Are Brazilian Troops Considering ‘Military Intervention’ on Trump’s Behalf?

Claim

Brazilian President Jair Bolsonaro has been briefed on the possibility that U.S. President Donald Trump may call on him for military intervention.

Rating

Not True

Reporting

A right-wing group based out of San Diego State University in California stoked more conspiracy theories around the 2020 U.S. presidential elections on Twitter, claiming that troops and operatives from other governments may get involved on behalf of incumbent President Donald Trump.

The SDSU College Republicans claimed on Twitter:

BREAKING: Chiefs of staff of Brazilian Armed Forces reportedly briefing President Jair Bolsonaro on contingencies in the event that President Trump calls on Brazilian military intervention to guarantee integrity of elections. Plainclothes SOC officers already in PA since Tues.

There has been no evidence of looming Brazilian efforts to intervene on behalf of Trump, who lost the presidential election to Democratic nominee Joe Biden; according to the Washington Post, the Brazilian president did not express any opposition to his American ally’s loss.

“I am not the most important person in Brazil, just as Trump is not the most important person in the world, as he himself says,” Bolosonaro said following Trump’s loss. “The most important person is God. Humility must be present among us.”

The group further claimed that Polish special mission units and volunteers belonging to the far-right Lega Nord party in Italy were also being tasked with finding “sources of fraud ballots.” When others asked the group for a source, the account refused, instead doubling down and saying, “Source: Just trust us.”

We contacted both Twitter and the university seeking comment on the group’s claims, but we did not receive a response.

In May 2020 the group was one of thirty student Republican groups that signed on to a letter from a nationalist and anti-immigrant “think tank” called the Federation for American Immigration Reform (FAIR), calling on the Trump administration to suspend the federal H-1B worker visa program. As the Southern Poverty Law Center has reported, FAIR’s posturing as an immigration group hides “much ugliness”:

FAIR leaders have ties to white supremacist groups and eugenicists and have made many racist statements. Its advertisements have been rejected because of racist content. FAIR’s founder, John Tanton, has expressed his wish that America remain a majority-white population: a goal to be achieved, presumably, by limiting the number of nonwhites who enter the country. One of the group’s main goals is upending the Immigration and Nationality Act of 1965, which ended a decades-long, racist quota system that limited immigration mostly to northern Europeans. FAIR President Dan Stein has called the Act a “mistake.”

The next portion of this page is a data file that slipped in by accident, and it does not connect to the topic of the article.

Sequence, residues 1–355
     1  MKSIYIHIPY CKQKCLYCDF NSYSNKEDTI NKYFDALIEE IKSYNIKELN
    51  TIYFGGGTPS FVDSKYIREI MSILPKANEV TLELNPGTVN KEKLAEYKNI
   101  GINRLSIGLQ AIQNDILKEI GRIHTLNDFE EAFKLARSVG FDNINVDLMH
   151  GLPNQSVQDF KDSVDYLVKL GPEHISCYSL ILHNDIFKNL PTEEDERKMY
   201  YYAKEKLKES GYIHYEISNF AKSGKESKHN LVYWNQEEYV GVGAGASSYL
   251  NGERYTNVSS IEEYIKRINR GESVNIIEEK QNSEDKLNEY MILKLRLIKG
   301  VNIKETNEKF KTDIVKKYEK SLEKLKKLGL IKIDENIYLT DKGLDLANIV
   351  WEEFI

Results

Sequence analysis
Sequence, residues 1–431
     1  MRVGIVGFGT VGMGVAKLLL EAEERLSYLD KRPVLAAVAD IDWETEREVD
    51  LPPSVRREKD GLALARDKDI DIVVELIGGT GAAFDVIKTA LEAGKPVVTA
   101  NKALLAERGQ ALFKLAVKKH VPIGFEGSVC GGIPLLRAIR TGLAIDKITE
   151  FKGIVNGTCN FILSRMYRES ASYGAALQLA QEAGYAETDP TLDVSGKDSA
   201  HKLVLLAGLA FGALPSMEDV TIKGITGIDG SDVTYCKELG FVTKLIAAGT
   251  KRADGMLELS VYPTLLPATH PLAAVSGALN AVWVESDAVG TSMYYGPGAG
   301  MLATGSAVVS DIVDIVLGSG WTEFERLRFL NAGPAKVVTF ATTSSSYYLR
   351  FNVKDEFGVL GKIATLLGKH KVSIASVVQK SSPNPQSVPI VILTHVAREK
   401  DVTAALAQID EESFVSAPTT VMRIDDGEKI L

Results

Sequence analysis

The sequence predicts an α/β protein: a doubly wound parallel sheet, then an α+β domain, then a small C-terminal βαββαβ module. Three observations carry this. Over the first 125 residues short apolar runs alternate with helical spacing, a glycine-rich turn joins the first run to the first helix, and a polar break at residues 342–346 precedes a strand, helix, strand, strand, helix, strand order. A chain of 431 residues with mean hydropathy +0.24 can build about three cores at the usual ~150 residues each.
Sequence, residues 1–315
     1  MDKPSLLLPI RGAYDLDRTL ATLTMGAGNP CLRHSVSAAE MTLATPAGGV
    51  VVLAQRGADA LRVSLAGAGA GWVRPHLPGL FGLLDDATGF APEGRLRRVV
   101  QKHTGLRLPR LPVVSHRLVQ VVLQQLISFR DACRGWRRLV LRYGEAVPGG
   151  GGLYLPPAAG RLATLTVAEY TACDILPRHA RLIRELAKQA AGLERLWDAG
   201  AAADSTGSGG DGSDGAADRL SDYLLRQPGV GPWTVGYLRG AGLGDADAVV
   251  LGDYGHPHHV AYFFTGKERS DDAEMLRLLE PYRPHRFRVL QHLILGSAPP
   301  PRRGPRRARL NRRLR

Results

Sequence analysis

The SDSU group’s president, Oliver Krvaric, subsequently said in a July 2020 op-ed for the local San Diego Union-Tribune newspaper that he believed “nationalist Republicans” were in the best position to carry the party forward after Trump’s presidency. He wrote:

I hope to see the Republican Party continue to pivot towards what some are calling “national conservatism.” Economic nationalism, defense of the traditional family, a commitment to the nation-state model, reverence for our history, and an effort to uphold our national and cultural identity all have their place in a revived Republican platform, and the SDSU College Republicans will proudly help lead the way.

Former SPLC chair Jim McElvoy criticized Krvaric’s rhetoric to another San Diego news organization, KPBS-TV. “When people talk about cultural heritage, especially people on the right, they are talking about white heritage,” McElroy said in August 2020.

Krvaric’s father, outgoing San Diego Republican Party chair Tony Krvaric, drew local attention around that time after a video surfaced of himself surrounded by Nazi iconography. The video was made in Sweden in the late 1980s, before the elder Krvaric emigrated to the U.S.

“There’s a dancing Hitler. There’s a swastika on someone’s neck,” McElroy said. “There’s a Sieg Heil salute. We’re talking about genocide. We’re talking about the deaths of millions of people. That’s not something to joke about.”

Tony Krvaric later denied that he was directly involved with making the video.

“For the record, any Nazi imagery is disgusting. I didn’t create the computer animation, didn’t choose the graphics, and I obviously don’t support anything like that,” he said.

The station also reported that another son of Tony Krvaric (not the one who defended nationalism in an op-ed) had associated himself with the white nationalist group the “Groyper Army”:

The Groyper Army, which uses a similar cartoon frog as its symbol, is fighting a “war” with mainstream conservatives to move them further to the right.

“They advocate for white America,” said McElroy, the civil rights attorney. “They advocate for the end of all immigration whatsoever. They say, `we’re losing our cultural identity and heritage,’ which for some reason, they don’t believe includes people of color but only white, Aryan, Europe-based people.”

The release of the Nazi-themed video came shortly after the elder Krvaric announced he would retire from the party chairman position. Since then, local Democrats gained an 8-1 majority on the city council in the November 2020 elections, as well as a projected majority on the county board of supervisors. Additionally, the mayoral election was contested between two Democratic candidates, Barbara Bry and Todd Gloria after both qualified for a runoff, which no Republican candidate managed to do.

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